In the car-a-minute culture of the 21st century, it is rare to find one that gives pause.
Automakers will race a car into production, through the get-to-know-yous and onto the laps of a public that scarcely understand what it is or why it's something they should buy. Five years later - or maybe three - the car is gone in a maelstrom of marketing, replaced by a vehicle that looks nothing like its predecessor yet has the same name.And so it goes. Nowadays, it is rare to find a vehicle that deserves the honor of even a die-cast salute, which is quite probably why makers of die-cast statuettes continue to make their livings in the 50s and 60s.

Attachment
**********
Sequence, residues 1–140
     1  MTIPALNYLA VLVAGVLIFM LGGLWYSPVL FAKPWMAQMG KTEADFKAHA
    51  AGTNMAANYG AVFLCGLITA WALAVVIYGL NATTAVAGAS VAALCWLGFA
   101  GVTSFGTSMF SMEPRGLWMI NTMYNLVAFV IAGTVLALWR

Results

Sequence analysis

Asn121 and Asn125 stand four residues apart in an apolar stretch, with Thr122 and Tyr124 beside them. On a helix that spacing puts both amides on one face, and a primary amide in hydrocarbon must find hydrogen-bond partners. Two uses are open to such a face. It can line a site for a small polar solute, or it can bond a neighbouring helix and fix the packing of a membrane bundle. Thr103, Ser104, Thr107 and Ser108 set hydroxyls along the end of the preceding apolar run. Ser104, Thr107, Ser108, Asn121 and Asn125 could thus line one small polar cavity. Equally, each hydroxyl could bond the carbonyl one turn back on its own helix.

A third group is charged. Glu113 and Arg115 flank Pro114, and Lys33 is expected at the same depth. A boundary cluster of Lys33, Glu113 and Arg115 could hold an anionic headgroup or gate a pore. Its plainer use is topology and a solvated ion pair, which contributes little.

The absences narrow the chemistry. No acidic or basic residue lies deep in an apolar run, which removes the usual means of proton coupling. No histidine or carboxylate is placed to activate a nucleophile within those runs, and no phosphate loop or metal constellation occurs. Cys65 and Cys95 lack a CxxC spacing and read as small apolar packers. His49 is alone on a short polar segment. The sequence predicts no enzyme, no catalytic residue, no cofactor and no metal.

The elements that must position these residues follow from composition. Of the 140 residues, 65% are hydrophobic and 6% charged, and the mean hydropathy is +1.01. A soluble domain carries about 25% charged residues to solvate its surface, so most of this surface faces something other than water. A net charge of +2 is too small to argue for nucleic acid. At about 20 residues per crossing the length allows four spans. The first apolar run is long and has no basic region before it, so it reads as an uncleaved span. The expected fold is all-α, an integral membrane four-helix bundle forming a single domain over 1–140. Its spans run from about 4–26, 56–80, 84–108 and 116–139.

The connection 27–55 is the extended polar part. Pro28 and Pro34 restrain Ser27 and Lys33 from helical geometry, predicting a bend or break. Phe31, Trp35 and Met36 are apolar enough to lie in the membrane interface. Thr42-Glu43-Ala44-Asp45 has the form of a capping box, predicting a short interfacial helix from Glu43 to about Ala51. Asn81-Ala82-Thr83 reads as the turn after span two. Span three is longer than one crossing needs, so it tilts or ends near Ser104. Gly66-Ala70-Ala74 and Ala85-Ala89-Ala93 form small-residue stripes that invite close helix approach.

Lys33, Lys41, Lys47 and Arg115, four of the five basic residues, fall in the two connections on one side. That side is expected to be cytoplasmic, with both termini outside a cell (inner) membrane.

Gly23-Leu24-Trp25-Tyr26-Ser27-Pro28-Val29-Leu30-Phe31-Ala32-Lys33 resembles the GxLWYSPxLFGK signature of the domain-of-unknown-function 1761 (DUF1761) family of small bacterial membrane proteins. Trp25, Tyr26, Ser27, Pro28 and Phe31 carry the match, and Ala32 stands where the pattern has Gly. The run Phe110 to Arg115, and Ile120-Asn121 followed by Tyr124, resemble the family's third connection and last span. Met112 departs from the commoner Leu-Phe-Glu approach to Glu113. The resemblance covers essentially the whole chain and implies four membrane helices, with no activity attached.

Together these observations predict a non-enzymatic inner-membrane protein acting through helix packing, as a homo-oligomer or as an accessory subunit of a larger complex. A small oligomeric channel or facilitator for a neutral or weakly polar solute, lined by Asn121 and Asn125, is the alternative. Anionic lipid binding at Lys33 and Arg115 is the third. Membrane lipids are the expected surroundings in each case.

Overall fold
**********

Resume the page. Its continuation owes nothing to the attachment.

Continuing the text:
There just aren't that many current model cars out there worth preserving, even as a 1/16th model scale.
Except maybe the 2005 Chrysler Crossfire. With its Mercedes' guts and Bugatti-inspired American design, the Crossfire looks nothing like what it is: a compromise car between two very different automotive companies, a merging of sorts between two cultures.